And our workshop discussed a few safeguards which might enable NatCAN to evolve organically and freely without putting itself at risk from any member's actions, such as no one being able to take actions in the name of NatCAN. So NatCAN is a space, not an entity. So NatCAN is not a front organisation but a way of connecting.  We discussed a NatCAN which provides the platform for people to create many "power organisations" if they wish, using the discussion groups to evolve ideas for action and linking-up with other discussion groups for common cause. But that's different from having a single NatCAN line or a single leading organisation (unless we all choose on occasion to reach out to each other for the collective strength to pursue a particular cause).

So if NatCAN isn't an entity like a party or the organisation leading campaigns, what is it? Clearly, it's a home for many interests. How can that be its strength and not lead us to the fallling-out and mayhem which led past activists into writing books called "Beyond the Fragments" or "An Infantile Disorder"?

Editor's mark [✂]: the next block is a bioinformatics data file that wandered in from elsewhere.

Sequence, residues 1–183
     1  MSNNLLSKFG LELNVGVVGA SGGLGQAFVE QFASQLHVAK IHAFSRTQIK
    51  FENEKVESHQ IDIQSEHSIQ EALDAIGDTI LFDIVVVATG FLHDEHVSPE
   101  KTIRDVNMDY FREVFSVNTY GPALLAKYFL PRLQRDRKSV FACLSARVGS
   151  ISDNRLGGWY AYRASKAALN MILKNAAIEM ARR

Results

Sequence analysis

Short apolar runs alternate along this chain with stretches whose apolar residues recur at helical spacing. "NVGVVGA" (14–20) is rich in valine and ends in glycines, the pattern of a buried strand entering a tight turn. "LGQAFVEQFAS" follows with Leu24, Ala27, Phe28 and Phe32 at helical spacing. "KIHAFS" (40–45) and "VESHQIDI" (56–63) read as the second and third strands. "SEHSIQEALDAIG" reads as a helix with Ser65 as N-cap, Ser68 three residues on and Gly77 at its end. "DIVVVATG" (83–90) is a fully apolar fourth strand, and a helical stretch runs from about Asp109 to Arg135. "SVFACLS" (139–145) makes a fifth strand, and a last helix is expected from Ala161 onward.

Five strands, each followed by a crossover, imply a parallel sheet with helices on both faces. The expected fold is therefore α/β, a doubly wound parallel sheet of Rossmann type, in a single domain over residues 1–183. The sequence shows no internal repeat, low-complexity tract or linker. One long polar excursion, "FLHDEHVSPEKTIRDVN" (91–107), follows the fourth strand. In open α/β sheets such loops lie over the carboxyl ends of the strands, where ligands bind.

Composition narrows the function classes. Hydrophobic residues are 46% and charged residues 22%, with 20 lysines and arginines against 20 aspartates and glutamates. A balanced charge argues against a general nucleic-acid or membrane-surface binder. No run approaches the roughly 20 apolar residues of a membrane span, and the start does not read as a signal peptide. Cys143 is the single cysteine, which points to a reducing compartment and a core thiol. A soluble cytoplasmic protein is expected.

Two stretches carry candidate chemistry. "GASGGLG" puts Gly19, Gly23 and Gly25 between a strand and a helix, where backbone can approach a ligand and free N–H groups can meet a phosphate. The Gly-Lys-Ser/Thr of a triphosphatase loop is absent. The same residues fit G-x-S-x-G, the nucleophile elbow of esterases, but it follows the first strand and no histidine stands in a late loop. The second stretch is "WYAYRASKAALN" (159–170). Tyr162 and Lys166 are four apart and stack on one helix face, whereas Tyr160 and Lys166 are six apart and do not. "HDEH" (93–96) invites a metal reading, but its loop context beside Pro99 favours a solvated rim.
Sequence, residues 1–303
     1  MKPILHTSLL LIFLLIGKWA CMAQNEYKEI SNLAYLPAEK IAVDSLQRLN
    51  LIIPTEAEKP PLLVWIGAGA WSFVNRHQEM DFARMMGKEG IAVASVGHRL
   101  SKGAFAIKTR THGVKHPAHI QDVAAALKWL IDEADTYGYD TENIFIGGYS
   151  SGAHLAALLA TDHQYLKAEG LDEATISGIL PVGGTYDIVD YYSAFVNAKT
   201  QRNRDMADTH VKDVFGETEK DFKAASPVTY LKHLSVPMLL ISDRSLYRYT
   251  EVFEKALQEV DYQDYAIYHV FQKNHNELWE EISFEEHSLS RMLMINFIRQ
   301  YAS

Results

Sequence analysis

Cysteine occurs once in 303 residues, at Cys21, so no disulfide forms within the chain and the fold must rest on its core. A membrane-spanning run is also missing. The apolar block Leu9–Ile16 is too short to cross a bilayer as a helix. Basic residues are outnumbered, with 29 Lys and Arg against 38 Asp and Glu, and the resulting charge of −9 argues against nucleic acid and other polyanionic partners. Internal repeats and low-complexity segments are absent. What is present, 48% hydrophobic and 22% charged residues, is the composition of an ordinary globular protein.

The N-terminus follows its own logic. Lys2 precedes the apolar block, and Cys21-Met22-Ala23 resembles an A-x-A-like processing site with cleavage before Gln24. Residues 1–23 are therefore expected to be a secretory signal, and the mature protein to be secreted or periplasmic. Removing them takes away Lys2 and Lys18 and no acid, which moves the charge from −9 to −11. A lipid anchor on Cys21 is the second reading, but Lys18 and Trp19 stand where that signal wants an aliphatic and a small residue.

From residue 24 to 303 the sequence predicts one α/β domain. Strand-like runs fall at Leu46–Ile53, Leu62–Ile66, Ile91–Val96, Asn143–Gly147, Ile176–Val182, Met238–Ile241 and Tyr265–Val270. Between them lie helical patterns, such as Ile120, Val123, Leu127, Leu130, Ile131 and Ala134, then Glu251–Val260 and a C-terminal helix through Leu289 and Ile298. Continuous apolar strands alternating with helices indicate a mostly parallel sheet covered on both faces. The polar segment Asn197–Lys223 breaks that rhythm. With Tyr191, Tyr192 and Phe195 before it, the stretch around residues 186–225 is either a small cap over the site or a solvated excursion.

Can we be unified by shared values (for example, Social justice, equalities, working & learning together, community empowerment, collective action) ? What do those values mean to us (and what differences emerge as we discuss them) ? How can we keep the difference as our strength?

In this regard, we started to explore how we behave in this shared home, so that "implied structurelessness" doesn’t lead to inequality/dominant voices. Can we build greater equality and diversity within NatCAN by enabling alternative ways of doing things together. For example: hold some of our meetings in informal spaces; not having four blokes speaking in a row (not our intention this time but an important lesson for the future); having a menu of talks which invite a few conflicting messages to be aired for debate? Because we loved the debate which NatCAN engenders, and we want to be open to all issues and perspectives (and agree to disagree, with humour, a fair amount of giggling and a passion for putting this chat into action). So any of us is at liberty to say, for example, that Big Society is a turd or Big Society is an opportunity or Big Society is Me Baby, with a chance to be heard and have a "heated debate" (with that well-known leaderless-ness fan Mrs Merton)